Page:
Ocean-air chemistry gets clearer and cloudier
CU team finds first conclusive evidence of climate-relevant gases over the remote Pacific Ocean, but why those gases exist where they do is a mystery
By Clint Talbott
For the first time, the climate-altering gases glyoxal and iodine oxide have been confirmed to exist over the remote Pacific Ocean. The findings of the University of Colorado team are surprising and potentially significant.
They are surprising because there is no known explanation for why these short-lived gases would exist so far from land. And the findings are potentially significant because the two gases can form aerosols, which have a net cooling effect on the planet and whose behavior is not well understood.
The two gases are not included in climate models encompassing the ocean.
Rainer Volkamer, a CU assistant professor of chemistry and biochemistry and leader of the research group that confirmed the existence of glyoxal 2,000 miles from land, notes that much discussion about climate-altering gases concerns long-lived compounds such as carbon dioxide, which can remain in the atmosphere for centuries.
Carbon dioxide’s absorption of longwave radiation and emission of heat is basic physics. But with respect to climate, Volkamer says, “The role of chemistry is yet to be fully understood.”
A 2007 Summary for Policy Makers of the Intergovernmental Panel on Climate Change noted that aerosol dynamics remain “the dominant uncertainty” in climate models.
Glyoxal, a reactive molecule, exists an average of about two hours in the air. Climate models do not predict any glyoxal over the remote open ocean.
Yet Volkamer’s team found “unambiguous” proof that glyoxal exists over the remote Pacific in concentrations up to 120 parts per trillion. Its existence in this location is a mystery.
About 30 percent of glyoxal is produced over land by plants that emit isoprene, which can be transformed into glyoxal in the presence of oxygen. But isoprene concentrations in the remote Pacific are between 2 and 35 times lower than they would need to be to produce the levels of observed glyoxal.
About 14 percent of airborne glyoxal comes from human activities such as manufacturing. Another 6 percent comes from fires. The source of half of all glyoxal formation over continents is unknown. And the source of glyoxal over the ocean is unclear. That is one reason Volkamer’s discovery is potentially significant.
Still, it is puzzling. The glyoxal he observed could not have been blown from the land by wind. It would take about a week for the wind to blow the gas 2,000 miles over the ocean. That’s about 84 times longer than the gas would exist.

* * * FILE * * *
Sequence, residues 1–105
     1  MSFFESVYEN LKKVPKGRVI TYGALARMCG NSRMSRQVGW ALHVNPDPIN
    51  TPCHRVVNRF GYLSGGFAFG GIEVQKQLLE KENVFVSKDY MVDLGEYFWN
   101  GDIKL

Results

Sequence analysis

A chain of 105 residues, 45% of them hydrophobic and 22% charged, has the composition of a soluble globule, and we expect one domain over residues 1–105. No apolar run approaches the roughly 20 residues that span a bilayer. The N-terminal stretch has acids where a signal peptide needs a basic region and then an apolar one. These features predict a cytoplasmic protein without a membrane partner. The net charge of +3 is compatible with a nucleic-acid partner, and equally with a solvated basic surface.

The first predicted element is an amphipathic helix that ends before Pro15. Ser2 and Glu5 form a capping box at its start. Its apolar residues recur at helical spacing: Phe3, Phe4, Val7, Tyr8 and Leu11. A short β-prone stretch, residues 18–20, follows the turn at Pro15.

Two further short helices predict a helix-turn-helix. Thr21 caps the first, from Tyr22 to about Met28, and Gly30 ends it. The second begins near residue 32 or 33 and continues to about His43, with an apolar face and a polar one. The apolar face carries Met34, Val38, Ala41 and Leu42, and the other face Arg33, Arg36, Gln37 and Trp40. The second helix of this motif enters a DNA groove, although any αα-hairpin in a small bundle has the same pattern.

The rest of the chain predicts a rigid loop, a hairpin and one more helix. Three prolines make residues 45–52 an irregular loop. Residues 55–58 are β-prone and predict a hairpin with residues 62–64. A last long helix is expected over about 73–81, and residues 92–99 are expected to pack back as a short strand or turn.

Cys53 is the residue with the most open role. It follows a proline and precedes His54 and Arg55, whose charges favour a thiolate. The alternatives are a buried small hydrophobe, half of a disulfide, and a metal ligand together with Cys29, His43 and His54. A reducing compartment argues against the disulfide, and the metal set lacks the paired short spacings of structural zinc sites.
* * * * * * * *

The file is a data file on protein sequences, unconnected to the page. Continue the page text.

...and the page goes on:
Further, glyoxal is so highly water-soluble that it is “tough to get out of the ocean,” Volkamer says.
“The source of the glyoxal as well as of (iodine oxide) is not currently understood,” a 2010 article by Volkamer and his colleagues notes. “We don’t have an understanding of where the glyoxal is coming from,” Volkamer emphasizes in an interview.
What they do know, though, is that climate dynamics involve atmospheric chemistry, the understanding of which is still evolving. Aerosols are tiny, airborne solid and liquid particles. When enough aerosols are aloft, air can appear hazy.
As Volkamer notes, aerosols can cool the planet by reflecting a portion of the incoming sunlight back into space and by potentially increasing cloud cover.
Aerosols can be formed by chemical reactions. Volkamer notes that reactive chemical components modify the aerosols’ likelihood of bonding with water-vapor molecules.
Certain gases lead to the growth of larger aerosol particles, which mask some of the warming effect of greenhouse gases, he adds. “Chemistry is at the interface of these reactions and climate effects.”
As for glyoxal and iodine oxide, “Here we have these reactive gases that have the ability to form aerosols, and we need to do more research to understand the relationship between aerosols and cloud formation.”
Volkamer underscores the need for long-term measurements of glyoxal and iodine oxide over the remote ocean. While his team’s findings are a first, they are essentially a snapshot in time. Global levels of carbon dioxide and other greenhouse gases, on the other hand, have been carefully monitored for more than five decades.
Volkamer’s observations were made with a ship-borne device called the CU Ship Multi-Axis Differential Optical Absorption instrument. That instrument was built in the Volkamer lab and was tested on top of Folsom Field’s skyboxes on the CU-Boulder campus.
As it happened, the U.S. Research Vessel Ron Brown was conducting a field experiment funded by the National Science Foundation in the Eastern tropical Pacific Ocean between October 2008 and January 2009, and Volkamer was allowed to affix his instrument to the ship during its journey.
The Volkamer lab built a similar, related instrument—the Airborne Multi-Axis Differential Absorption Spectroscopy instrument—which flew on the wing of an NSF plane in January 2010 and made the first observations from the air of glyoxal and iodine oxide over the remote ocean.
Before Volkamer’s confirmation of these potentially climate-relevant gases, satellite observations had shown some (but inconsistent) evidence that glyoxal might exist over the remote ocean. The satellites’ data were not conclusive, however, and different satellites gave different answers as to the glyoxal abundance for reasons that are still to be understood.
Volkamer’s work was funded by the NSF and by lab-startup funds from the university. Volkamer is also a fellow in the CU Cooperative Institute for Research in Environmental Sciences.